This story in the Daily Mail reports on This case (Re NL (A child) (Appeal: Interim Care Order: Facts and Reasons) where Pauffley J has looked at the issue of a case in the FPC where the Justices basically rubber stamped a document from the local authority. Another important case is Re C (A Child) where the president of the Queens Bench supports a call for proper procedure to be followed in terms of dealings in the court of first instance. The President of the Queen's Bench Division: I agree with both judgments. Having seen the judgments in draft, Ms van der Leij has expressed concern about the comments at paragraphs 10-11 of Macur LJ and paragraph 36 of Aikens LJ dealing with the e-mail exchanges subsequent to the hearing. She observes that "it is by no means unusual for practitioners in the Principal Registry to e mail district judges directly seeking clarification of matters raised in a hearing". It is one thing, if invited, to make submissions in relati
I have had this judgment pointed out to me. The election commissioner was the same person as handled the election petition in Aston and Bordesley Green. This was a case where the criminals were Lib Dems. I shall extract some parts of the judgment: The judgment is worth reading as a whole. 11. Sadly, therefore, this is yet another case where the United Kingdom's shambolic electoral system has led to an election being challenged on the ground of widespread fraud. Afterword The Birmingham judgment was the first arising from mass electoral fraud resulting directly from the introduction of postal voting on demand. I had hoped that, by drawing attention to the flawed basis of the scheme and the opportunities it had created for vote-rigging on an industrial scale, public and Parliament would be alerted to the problem and that something might be done about it. I was wrong. In Slough, where the problem of roll-stuffing came to the fore and where the combined effect of a wholly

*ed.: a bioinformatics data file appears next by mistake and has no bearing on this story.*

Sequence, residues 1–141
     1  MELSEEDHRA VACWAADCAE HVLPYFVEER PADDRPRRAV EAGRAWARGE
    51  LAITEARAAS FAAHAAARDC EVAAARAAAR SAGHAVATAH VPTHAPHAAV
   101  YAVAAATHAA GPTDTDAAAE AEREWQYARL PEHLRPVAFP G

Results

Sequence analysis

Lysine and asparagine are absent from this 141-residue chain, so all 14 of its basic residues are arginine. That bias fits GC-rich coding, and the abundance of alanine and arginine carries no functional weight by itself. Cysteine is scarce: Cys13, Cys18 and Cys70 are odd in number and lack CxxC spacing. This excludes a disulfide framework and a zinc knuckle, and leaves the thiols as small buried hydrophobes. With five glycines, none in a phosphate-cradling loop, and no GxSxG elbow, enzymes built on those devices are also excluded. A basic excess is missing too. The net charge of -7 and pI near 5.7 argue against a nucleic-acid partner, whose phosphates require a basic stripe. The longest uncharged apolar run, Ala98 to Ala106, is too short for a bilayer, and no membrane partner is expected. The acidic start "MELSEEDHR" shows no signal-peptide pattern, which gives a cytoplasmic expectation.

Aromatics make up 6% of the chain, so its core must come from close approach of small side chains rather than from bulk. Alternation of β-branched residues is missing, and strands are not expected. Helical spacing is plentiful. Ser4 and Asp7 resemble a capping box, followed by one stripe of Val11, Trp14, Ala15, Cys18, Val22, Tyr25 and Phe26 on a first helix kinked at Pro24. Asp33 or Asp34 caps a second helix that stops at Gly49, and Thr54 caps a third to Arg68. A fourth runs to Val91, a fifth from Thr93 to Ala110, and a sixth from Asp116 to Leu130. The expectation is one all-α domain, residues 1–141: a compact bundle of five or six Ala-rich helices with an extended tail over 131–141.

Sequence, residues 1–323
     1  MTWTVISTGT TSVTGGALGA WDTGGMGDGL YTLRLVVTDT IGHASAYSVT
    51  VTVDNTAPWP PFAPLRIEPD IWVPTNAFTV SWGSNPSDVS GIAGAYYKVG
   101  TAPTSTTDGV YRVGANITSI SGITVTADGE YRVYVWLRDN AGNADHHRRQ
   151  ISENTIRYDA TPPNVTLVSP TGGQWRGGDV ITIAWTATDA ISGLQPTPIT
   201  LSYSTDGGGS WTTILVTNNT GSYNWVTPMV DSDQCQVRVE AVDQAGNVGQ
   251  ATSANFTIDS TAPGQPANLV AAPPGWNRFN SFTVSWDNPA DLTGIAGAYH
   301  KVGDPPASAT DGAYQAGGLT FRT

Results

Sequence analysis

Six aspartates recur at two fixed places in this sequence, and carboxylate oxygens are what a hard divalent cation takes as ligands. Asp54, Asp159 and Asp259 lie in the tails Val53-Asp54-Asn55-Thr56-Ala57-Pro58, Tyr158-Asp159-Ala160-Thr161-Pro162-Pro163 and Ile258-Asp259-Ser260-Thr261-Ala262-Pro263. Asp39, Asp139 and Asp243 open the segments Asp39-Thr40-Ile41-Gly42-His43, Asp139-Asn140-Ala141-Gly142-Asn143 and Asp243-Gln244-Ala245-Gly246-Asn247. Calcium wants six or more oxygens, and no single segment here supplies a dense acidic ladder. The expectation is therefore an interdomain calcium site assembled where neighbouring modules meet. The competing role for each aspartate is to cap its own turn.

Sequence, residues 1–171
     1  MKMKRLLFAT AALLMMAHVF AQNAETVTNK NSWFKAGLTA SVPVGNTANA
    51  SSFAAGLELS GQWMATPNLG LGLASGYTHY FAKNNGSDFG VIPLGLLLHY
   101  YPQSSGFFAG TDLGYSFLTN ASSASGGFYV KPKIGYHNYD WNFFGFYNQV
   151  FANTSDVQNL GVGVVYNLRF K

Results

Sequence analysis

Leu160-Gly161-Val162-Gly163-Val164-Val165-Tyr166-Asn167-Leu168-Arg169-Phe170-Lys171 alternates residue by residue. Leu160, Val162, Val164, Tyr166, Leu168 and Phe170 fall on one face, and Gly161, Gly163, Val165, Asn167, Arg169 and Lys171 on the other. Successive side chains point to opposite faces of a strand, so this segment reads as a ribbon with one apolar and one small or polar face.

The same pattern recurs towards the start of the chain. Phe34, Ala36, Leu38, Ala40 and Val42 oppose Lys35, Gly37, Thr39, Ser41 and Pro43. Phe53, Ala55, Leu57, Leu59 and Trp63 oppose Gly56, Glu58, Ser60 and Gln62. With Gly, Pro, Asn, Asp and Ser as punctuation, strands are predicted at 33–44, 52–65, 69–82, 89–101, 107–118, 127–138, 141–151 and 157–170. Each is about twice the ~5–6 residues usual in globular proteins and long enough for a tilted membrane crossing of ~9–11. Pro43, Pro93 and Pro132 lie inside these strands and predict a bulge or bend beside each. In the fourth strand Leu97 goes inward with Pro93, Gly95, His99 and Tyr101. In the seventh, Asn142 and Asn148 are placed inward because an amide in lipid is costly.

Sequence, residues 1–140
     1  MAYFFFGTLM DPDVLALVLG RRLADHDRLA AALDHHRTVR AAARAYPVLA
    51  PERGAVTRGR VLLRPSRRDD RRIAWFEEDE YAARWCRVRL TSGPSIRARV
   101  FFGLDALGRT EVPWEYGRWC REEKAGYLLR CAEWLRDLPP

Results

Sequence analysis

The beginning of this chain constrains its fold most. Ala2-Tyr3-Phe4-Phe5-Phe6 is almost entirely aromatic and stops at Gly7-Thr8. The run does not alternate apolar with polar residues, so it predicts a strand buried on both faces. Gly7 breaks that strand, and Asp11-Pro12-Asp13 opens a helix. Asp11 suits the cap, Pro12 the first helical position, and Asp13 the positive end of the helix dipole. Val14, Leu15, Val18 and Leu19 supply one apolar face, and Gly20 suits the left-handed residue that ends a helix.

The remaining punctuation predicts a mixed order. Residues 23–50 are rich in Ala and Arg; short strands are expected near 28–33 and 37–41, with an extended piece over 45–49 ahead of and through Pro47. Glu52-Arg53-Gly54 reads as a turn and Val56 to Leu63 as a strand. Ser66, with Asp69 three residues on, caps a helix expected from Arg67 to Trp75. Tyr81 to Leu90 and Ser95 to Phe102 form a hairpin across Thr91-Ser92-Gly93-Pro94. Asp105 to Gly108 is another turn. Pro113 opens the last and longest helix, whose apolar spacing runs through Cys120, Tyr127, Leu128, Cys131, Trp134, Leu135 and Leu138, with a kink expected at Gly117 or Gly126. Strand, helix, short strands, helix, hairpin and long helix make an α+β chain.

This is the debate: http://www.publications.parliament.uk/pa/cm201314/cmhansrd/cm140212/debtext/140212-0003.htm#140212173000001 This is me arguing my view that spending cuts should be in proportion of spending power. John Hemming (Birmingham, Yardley) (LD) : I thank the Minister for meeting MPs from Birmingham to look at this issue, and I congratulate hon. Members generally on highlighting the difficulty of working out what a fair system is for allocating local government finance. The Government have focused on percentage reductions in spending power. Does the Minister agree that, after incentives, looking towards the reduction in percentage spending power, not absolute spending power, provides an equality of pain that gives us a way forward? It takes into account the fact that in areas like Greater Birmingham, where people work in Birmingham but live around it and require services from Birmingham but are not contributing towards— Brandon Lewis: Thank you, Madam Deputy
This story relates to a french case where the judges have indicated that an English LA is wrong. That is added to the Italian case reported before Xmas and a number of Irish cases. When you add this to all the foreign governments complaining this should have a bit more concern from government. It is true that progress is being made and now more appeals are being given in England and Wales. In fact it may appear that the system is getting worse when actually it is getting better. In the past the appellate system basically didn't work. It is now starting to work, but it has a long way to go. The appointment of non family judges to family court of appeal cases is clearly having a positive effect as well.
I rebelled against the party whip today voting to keep the lords amendment 112 on Miscarriage of Justice compensation. My reasons are that the government position shifts the burden of proof. The lords amendment, which was supported by the majority of law lords basically creates a threshold which is that a conviction with the new evidence would be guaranteed to fail. I did not support government or opposition on the amendment in lieu. I think it marginally improves the wording, but creates a mixed message as I am unhappy with the burden shifting.
This story from Ireland highlights a number of issues. Obviously there is a lot about this case (I am not aware of the case myself) which is not known. In essence, however, it confirms my advice that the authorities in Ireland will apply to take children into care at the request of English authorities whether or not they would ordinarily take the children into care were they not to be English families. Interestingly, however, the courts still follow the law from time to time in Ireland. I am aware of cases where the Irish courts have not followed the law properly.